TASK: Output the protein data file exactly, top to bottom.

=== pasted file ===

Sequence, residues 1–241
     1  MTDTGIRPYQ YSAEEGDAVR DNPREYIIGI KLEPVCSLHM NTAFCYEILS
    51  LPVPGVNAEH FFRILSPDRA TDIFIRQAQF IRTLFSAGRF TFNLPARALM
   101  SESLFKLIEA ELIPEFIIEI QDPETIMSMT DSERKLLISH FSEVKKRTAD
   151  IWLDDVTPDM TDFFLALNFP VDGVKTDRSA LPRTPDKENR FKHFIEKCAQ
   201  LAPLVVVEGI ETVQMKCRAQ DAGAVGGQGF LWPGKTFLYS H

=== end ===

Sequence, residues 1–241
     1  MTDTGIRPYQ YSAEEGDAVR DNPREYIIGI KLEPVCSLHM NTAFCYEILS
    51  LPVPGVNAEH FFRILSPDRA TDIFIRQAQF IRTLFSAGRF TFNLPARALM
   101  SESLFKLIEA ELIPEFIIEI QDPETIMSMT DSERKLLISH FSEVKKRTAD
   151  IWLDDVTPDM TDFFLALNFP VDGVKTDRSA LPRTPDKENR FKHFIEKCAQ
   201  LAPLVVVEGI ETVQMKCRAQ DAGAVGGQGF LWPGKTFLYS H